On resettlement, Members States have continued to make significant progress, with safe and legal pathways being provided to 16,163 persons so far, beyond two thirds of the agreed resettlements under the EU scheme. Building on the recommendations from the previous month, this report focuses on those Member States that are not delivering on their commitments.
Commissioner for Migration, Home Affairs and Citizenship Dimitris Avramopoulos said: “The results so far prove that if there is will and determination of Member States, relocation can work. The success of the relocation scheme cannot depend only on just a few. Solidarity in legal, political and moral terms is not susceptible to different interpretations. I call on those Member States who have systematically failed to deliver on their obligations to start doing so at once. The overall figures on resettlement show what strengthened EU-level cooperation and coordination can do in practice and it is high time we achieved the same for relocation.”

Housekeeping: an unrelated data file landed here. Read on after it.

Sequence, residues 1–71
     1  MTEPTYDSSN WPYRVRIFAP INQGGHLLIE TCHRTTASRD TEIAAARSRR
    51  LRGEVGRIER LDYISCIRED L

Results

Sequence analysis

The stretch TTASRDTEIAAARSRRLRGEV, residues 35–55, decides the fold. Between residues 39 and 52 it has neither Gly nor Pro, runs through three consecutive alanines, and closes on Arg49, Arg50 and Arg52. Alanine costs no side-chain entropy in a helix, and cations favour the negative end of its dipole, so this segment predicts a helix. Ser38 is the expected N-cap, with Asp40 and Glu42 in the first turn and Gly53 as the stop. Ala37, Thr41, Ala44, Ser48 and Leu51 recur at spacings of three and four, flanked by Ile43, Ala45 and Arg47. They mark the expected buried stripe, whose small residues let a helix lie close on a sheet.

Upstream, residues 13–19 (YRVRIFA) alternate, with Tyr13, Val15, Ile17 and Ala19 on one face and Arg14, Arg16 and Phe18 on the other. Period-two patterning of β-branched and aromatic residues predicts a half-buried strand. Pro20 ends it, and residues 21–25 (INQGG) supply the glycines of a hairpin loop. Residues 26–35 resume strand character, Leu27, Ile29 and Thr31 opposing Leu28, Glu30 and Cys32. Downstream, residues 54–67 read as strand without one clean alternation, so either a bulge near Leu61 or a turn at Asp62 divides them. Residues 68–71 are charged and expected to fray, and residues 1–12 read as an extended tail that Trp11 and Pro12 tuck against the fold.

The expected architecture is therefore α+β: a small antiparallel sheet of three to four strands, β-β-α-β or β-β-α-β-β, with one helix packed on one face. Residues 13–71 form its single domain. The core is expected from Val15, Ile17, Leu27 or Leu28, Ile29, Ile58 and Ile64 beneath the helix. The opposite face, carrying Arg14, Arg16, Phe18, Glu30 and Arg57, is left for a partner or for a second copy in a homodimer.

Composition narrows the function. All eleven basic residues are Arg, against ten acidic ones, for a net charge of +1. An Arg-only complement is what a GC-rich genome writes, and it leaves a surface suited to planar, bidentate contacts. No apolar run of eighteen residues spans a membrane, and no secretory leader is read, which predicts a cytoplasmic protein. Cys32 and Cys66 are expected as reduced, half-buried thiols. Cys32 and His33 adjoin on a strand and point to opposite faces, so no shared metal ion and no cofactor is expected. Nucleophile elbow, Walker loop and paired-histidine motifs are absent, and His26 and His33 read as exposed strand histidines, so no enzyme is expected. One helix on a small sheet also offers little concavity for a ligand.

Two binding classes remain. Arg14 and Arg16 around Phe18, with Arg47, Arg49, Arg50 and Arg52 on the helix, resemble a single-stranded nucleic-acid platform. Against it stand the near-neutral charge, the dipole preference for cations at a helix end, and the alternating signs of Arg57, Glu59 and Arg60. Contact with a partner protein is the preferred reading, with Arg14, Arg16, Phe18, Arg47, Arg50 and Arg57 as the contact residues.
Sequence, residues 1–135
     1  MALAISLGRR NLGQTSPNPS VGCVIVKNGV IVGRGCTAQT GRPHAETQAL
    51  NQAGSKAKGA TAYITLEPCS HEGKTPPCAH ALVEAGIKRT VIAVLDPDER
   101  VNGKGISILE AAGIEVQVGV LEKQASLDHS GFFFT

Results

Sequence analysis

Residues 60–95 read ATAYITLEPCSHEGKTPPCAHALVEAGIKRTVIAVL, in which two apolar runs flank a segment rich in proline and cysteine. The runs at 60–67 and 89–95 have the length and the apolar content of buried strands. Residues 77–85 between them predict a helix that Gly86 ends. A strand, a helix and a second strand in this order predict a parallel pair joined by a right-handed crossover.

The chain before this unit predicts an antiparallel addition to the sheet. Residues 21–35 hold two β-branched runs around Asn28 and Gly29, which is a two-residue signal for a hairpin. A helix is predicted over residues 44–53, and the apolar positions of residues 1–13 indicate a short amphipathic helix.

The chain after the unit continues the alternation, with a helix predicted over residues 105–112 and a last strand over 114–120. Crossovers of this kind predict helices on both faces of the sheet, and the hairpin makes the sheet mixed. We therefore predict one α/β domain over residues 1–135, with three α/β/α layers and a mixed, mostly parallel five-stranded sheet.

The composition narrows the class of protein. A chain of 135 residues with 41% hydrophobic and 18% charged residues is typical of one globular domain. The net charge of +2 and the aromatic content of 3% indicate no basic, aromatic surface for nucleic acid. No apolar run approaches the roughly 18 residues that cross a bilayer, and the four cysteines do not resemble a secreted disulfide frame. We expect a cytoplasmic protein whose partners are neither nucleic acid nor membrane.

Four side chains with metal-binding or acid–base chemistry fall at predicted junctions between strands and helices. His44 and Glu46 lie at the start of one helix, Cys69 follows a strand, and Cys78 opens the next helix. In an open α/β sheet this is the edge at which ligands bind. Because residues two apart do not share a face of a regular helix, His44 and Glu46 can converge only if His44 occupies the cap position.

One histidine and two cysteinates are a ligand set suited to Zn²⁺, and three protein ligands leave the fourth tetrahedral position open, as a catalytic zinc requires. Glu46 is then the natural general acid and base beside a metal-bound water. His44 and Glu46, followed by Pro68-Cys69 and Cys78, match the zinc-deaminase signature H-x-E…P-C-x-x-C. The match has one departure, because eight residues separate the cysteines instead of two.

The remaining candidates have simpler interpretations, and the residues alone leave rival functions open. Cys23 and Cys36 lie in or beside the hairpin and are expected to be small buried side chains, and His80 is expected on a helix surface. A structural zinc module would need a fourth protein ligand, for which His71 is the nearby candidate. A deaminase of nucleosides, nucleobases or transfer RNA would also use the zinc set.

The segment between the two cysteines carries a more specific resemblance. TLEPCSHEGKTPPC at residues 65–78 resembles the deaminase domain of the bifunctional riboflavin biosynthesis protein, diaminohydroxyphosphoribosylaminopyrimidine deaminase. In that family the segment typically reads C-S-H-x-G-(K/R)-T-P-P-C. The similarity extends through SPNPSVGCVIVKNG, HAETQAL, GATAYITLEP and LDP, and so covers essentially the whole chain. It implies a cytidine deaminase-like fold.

Pictured above: IOM Public Information Officer Christine Nikolaidou coordinates the press conference for diplomats, NGOs and the press on the progress of the EU Relocation Scheme; the head panel comprised of – Special Secretary George Florentis, Minister Ioannis Mouzalas, IOM Chief of Mission Athens Daniel Esdras, Asylum Service Director Maria Stavropoulou and Alternate Director Zoe Nasika and IOM Operation Assistant Aspasia Athanasiou; Minister Mouzalas, Ms Stavropoulou and Mr. Esdras.